A team of researchers in Greenland, including one scientist from NASA, has discovered 3-million-year-old tundra soil that was buried under two miles of ice.
A team of researchers, including one scientist from NASA, has discovered 3-million-year-old tundra soil that was buried under two miles of ice in Greenland.
Previous research indicated that the Greenland Ice Sheet may have melted in the past, but the latest data shows that it has probably been frozen for much longer, preserving the landscape underneath for millions of years.
According to Dylan Rood, co-author of the new study, from the Scottish Universities Environmental Research Centre and the University of California, Santa Barbara: “Greenland really was green! However, it was millions of years ago. Before it was covered by the second largest body of ice on Earth, Greenland looked like the green Alaskan tundra."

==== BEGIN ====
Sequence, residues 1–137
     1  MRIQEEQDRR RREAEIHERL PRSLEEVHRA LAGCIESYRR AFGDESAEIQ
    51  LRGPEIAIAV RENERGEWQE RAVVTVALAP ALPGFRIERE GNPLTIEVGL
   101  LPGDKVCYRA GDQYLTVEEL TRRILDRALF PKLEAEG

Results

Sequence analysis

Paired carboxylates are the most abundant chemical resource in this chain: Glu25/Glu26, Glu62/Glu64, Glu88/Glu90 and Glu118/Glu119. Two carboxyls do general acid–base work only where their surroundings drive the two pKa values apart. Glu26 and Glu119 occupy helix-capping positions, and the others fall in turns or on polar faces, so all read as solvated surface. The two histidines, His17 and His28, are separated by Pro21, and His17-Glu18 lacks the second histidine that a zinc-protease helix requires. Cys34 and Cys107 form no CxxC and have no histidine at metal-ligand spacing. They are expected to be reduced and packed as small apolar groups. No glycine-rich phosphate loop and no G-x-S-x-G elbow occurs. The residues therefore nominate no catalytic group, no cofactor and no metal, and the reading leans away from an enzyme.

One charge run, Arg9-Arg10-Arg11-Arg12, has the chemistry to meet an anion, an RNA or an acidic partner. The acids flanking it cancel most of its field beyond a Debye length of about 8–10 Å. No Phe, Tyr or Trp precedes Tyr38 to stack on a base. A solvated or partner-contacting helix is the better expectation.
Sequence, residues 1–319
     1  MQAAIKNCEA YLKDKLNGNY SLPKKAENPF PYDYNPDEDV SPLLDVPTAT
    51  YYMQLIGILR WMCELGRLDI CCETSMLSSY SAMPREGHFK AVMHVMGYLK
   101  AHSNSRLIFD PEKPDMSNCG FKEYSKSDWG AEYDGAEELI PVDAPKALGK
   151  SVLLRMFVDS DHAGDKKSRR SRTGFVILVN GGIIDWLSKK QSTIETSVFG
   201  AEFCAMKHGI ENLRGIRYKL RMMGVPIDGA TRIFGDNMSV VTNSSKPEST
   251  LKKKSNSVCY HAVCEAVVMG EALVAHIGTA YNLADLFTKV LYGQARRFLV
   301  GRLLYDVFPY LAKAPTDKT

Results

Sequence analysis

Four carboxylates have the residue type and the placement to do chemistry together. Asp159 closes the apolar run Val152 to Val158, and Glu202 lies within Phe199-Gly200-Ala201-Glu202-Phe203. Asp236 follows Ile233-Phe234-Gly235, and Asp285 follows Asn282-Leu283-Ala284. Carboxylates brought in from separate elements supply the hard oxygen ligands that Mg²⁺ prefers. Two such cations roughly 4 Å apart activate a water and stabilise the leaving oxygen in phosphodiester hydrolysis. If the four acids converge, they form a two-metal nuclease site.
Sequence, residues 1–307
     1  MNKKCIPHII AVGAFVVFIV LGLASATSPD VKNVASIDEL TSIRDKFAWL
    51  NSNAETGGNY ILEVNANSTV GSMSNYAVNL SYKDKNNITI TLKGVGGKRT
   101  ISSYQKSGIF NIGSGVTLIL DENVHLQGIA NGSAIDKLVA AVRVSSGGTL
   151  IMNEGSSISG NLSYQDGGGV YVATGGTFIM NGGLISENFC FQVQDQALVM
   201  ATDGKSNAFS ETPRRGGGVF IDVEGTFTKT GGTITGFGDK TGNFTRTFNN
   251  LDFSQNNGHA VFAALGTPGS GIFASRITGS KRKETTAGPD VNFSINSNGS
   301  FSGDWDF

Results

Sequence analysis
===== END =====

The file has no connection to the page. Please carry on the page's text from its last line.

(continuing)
The study is based on the analysis of ancient soil that was drilled from the bedrock beneath the area of the Greenland Ice Sheet called Summit back in the year 1993.
Scientists examined the ice core that is more than ten-thousand-feet-long, holding around 100 thousand years of information about climate fluctuations.
It contains what turned out to be the oldest soil ever found, except for parts of Africa and Australia that were never affected by the erosion from ice age climate activity.